Sophia Ceballos said the flight attendant, after landing, said she didn’t know there was a dog in the bag.

“In the end, she says she didn’t know it was a dog, but she actually touched the bag and felt him there. She’s basically lying to us now,” Sophia said.

(Photos: Kara Swindle)

United Airlines kills another dog


United Airlines is admitting a flight attendant violated policy by insisting a passenger place her dog in an overhead bin during a flight from Houston to New York.

The dog was found dead in its carrier after the flight landed at LaGuardia Airport Monday night.

In a statement, United called the dog’s death a “tragic accident.”

Spokesman Charlie Hobart told CNN a flight attendant should not have told the passenger to put the dog in the bin used for carry-on bags.

“We assume full responsibility for this tragedy and express our deepest condolences to the family and are committed to supporting them,” the airline said Tuesday. “We are thoroughly investigating what occurred to prevent this from ever happening again.”

The death occurred after a passenger brought the dog, identified as a 10-month-old French bulldog, on board in a TSA-approved pet carrier.

After the passenger took a seat, a United flight attendant insisted that the carrier — and dog — be stowed in an overhead bin, according to at least one witness.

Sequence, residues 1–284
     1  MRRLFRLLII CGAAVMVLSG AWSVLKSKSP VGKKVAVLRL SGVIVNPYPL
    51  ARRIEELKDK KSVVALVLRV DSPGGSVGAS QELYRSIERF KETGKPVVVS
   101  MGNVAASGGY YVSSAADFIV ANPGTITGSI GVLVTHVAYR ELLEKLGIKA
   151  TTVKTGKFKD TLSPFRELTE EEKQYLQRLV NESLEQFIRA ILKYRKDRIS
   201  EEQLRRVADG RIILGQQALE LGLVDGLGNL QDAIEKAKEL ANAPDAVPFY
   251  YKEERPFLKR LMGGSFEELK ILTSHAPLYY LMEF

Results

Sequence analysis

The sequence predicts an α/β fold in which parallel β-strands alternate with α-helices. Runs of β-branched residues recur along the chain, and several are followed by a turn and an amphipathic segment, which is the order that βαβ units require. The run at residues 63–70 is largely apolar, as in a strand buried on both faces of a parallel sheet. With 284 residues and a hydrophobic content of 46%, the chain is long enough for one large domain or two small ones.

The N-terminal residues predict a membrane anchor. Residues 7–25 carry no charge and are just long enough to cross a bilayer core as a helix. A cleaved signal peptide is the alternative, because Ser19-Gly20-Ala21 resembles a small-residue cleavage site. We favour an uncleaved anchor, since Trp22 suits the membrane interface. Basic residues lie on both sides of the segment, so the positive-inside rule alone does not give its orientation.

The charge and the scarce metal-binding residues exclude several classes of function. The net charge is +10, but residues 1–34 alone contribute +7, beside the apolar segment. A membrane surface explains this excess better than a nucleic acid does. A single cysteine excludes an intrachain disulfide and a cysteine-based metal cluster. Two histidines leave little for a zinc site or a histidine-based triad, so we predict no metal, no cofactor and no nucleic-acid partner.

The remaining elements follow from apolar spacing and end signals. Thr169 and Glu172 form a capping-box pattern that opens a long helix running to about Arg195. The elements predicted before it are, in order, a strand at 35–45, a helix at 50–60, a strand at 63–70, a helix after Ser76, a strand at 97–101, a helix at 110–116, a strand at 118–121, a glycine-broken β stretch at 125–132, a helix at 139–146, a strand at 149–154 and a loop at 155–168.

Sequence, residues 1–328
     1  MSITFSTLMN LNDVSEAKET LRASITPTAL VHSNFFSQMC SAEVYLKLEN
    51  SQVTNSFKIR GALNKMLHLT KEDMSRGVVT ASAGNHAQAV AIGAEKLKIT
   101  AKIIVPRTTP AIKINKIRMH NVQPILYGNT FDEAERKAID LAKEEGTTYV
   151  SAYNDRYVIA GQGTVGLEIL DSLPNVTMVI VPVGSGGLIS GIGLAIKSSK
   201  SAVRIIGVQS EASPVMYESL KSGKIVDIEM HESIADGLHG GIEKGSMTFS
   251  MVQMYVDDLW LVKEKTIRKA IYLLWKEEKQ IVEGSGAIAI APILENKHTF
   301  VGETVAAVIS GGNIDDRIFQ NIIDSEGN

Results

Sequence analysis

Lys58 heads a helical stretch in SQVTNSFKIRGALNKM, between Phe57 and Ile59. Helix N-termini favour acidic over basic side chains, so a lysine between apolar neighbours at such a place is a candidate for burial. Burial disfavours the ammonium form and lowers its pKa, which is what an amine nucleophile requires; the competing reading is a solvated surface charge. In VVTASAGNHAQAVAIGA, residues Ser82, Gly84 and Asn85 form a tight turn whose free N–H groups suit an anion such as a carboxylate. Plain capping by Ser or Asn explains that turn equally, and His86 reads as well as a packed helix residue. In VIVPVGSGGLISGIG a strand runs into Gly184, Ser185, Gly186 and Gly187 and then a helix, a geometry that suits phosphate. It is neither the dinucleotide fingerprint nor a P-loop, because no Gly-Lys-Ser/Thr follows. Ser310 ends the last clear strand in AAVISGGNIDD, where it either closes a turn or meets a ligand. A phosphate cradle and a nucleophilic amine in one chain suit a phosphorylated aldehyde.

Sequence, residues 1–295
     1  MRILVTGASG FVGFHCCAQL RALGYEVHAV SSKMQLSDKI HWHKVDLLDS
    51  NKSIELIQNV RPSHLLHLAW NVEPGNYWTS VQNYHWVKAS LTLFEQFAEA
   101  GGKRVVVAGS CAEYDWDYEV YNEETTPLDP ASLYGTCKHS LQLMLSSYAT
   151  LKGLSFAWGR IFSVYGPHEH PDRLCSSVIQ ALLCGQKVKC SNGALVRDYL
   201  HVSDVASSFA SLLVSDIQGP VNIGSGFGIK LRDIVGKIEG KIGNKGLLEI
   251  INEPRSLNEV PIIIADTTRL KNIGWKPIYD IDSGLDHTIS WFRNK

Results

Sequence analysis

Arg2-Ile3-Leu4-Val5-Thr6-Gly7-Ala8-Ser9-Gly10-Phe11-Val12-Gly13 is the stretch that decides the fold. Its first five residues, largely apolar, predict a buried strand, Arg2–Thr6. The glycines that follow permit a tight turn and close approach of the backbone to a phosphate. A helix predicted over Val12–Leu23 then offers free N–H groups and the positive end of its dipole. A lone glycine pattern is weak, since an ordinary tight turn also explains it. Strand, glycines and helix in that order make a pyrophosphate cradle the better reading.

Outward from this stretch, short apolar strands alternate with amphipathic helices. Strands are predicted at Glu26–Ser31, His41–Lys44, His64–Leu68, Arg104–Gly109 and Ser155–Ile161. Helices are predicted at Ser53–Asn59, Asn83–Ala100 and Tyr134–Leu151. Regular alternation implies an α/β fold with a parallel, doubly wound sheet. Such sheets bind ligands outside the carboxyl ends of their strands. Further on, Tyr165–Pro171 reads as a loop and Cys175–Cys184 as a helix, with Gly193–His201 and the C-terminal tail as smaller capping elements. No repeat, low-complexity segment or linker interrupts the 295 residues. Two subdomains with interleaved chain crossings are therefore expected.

Maggie Gremminger said the traveler with the dog protested the attendant’s order to put the pet carrier into the overhead bin, but that the attendant persisted.

Gremminger posted a photo of the grieving woman on Twitter (above) after the flight.

“The passenger adamantly refused but the flight attendant went on with the instruction,” Gremminger wrote. “At the end of the flight – the dog was found dead in the carrier. I am heart broken right now.”

united2United and other airlines generally allow pets to be carried on board provided they’re in carriers that can fit under the seat in front of the owner. Of all airlines, United has the worst pet safety record.

According to a recent U.S. Department of Transportation report, 24 animals died in the care of U.S. carriers last year. Three-quarters of those, 18, died while being handled by United. Of 15 reported injuries, 13 occurred with United.

The airline is the largest transporter of animals, carrying 138,178 animals in 2017. Alaska Airlines, which transported the next-highest number of animals (114,974), had an incident rate of 0.26, one-tenth of United’s industry-leading rate of 2.24 for every 10,000 animals transported.